Dinner was booked for 8pm. And then we retired to the hotel bar… for a whisky, or two.

And the best news? Sunrise isn’t that early in the morning… so that’s almost a lay in!

Show Me the Way to the Next Whisky Bar

We woke up quite early so I got some coffees from the hotel restaurant. We had a brunch reservation for 11:00 and Glasgow was doing its wet thing this morning, so we decided to have a slow start and watch a movie in bed. The in-house entertainment system had a reasonable selection so we made a start on La La Land – it’s been on our list for a while and seemed fluffy enough for a lazy Sunday.

We watched an hour or so then hit the rainy streets. Sauchiehall Street runs right through the city centre and is pedestrianised a lot of the way. We followed it back towards West End, taking a few detours around grand Victorian and Georgian crescents and terraces.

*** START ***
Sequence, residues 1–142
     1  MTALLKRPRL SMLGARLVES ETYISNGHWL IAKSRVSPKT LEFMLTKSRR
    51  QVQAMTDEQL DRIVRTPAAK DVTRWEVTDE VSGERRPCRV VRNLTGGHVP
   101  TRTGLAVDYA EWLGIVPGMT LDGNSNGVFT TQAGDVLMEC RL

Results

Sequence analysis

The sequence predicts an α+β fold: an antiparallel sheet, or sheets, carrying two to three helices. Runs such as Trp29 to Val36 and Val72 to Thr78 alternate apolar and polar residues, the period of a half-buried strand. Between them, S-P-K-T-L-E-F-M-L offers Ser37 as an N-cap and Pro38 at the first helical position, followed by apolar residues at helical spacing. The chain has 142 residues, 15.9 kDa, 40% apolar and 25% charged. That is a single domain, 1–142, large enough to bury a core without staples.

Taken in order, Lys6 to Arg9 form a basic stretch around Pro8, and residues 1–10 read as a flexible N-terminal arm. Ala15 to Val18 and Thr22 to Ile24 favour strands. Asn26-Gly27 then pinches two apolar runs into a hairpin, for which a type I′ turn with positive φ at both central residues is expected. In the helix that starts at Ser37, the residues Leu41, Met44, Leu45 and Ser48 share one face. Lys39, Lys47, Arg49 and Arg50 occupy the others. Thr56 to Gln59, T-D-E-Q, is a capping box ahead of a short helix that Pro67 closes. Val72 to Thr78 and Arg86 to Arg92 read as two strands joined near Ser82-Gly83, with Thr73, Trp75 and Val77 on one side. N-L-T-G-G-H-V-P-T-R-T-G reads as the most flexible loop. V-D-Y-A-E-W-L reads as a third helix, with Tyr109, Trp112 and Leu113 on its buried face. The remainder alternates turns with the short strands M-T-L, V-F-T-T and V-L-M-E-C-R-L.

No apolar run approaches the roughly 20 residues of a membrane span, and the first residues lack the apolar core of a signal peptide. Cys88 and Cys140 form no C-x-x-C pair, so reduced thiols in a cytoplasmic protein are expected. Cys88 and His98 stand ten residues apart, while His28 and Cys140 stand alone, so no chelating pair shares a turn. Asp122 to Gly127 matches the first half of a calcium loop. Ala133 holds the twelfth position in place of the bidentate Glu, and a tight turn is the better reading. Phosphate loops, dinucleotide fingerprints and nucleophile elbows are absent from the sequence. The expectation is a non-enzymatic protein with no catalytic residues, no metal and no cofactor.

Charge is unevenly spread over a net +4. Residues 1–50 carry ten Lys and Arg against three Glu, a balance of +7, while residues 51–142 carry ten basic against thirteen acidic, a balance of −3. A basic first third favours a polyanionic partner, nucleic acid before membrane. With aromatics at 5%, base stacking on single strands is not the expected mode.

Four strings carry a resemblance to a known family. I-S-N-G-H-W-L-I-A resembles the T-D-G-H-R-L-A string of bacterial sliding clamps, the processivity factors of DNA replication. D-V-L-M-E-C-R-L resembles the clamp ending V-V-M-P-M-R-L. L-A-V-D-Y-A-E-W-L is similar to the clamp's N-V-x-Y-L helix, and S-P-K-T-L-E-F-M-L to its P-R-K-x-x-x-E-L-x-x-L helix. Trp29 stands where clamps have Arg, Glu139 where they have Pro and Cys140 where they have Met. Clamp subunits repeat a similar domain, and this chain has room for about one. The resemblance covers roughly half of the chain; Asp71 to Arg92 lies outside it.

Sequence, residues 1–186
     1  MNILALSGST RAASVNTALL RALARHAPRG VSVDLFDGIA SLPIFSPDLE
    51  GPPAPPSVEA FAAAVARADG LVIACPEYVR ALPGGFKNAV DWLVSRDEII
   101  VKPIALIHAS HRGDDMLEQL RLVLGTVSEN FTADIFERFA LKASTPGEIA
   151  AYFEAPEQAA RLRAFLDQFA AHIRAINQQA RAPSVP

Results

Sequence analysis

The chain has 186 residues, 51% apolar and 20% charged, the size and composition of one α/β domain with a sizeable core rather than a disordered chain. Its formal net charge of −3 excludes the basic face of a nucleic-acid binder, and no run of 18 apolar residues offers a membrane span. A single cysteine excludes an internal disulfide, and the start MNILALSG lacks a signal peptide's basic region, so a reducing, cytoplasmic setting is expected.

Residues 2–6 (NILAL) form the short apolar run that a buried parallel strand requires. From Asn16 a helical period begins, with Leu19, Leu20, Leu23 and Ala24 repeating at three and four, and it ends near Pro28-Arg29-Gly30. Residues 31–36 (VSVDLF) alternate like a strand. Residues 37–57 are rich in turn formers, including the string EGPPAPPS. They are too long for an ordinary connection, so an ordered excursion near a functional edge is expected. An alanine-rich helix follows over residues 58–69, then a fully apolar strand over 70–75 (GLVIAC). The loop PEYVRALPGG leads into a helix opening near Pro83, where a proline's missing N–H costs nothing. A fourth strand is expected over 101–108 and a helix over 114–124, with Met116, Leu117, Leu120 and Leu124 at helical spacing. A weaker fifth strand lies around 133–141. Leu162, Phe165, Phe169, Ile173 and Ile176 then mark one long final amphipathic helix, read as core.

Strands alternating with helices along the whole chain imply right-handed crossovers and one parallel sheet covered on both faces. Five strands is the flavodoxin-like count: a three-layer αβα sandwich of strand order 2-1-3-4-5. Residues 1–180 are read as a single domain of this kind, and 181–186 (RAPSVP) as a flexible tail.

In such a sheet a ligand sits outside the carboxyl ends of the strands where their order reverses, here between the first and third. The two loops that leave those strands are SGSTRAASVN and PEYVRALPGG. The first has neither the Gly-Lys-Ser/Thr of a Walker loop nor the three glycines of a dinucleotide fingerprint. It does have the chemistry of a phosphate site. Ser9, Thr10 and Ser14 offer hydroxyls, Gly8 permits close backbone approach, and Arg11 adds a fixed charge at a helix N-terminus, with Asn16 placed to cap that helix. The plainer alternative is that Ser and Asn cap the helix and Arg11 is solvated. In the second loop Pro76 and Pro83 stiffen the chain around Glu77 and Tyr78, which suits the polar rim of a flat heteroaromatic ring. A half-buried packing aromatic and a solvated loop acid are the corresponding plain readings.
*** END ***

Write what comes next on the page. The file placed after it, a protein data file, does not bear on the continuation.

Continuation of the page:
Stravaigin is a bar, restaurant, music venue and all round cosy place to be on a wet Sunday. They source as much as possible from local farms and producers and the menu has a wide variety of brunch dishes from around the world. We settled on Indonesian and Mexican eggs, both were very tasty – Florence’s was accompanied by a Bloody Maria – tequila not vodka.

The rain continued as we made our way through Kelvinside Park to Kelvingrove Art Gallery and Museum. A soggy looking rat scampered across our path. The River Kelvin got noisier as the water levels rose.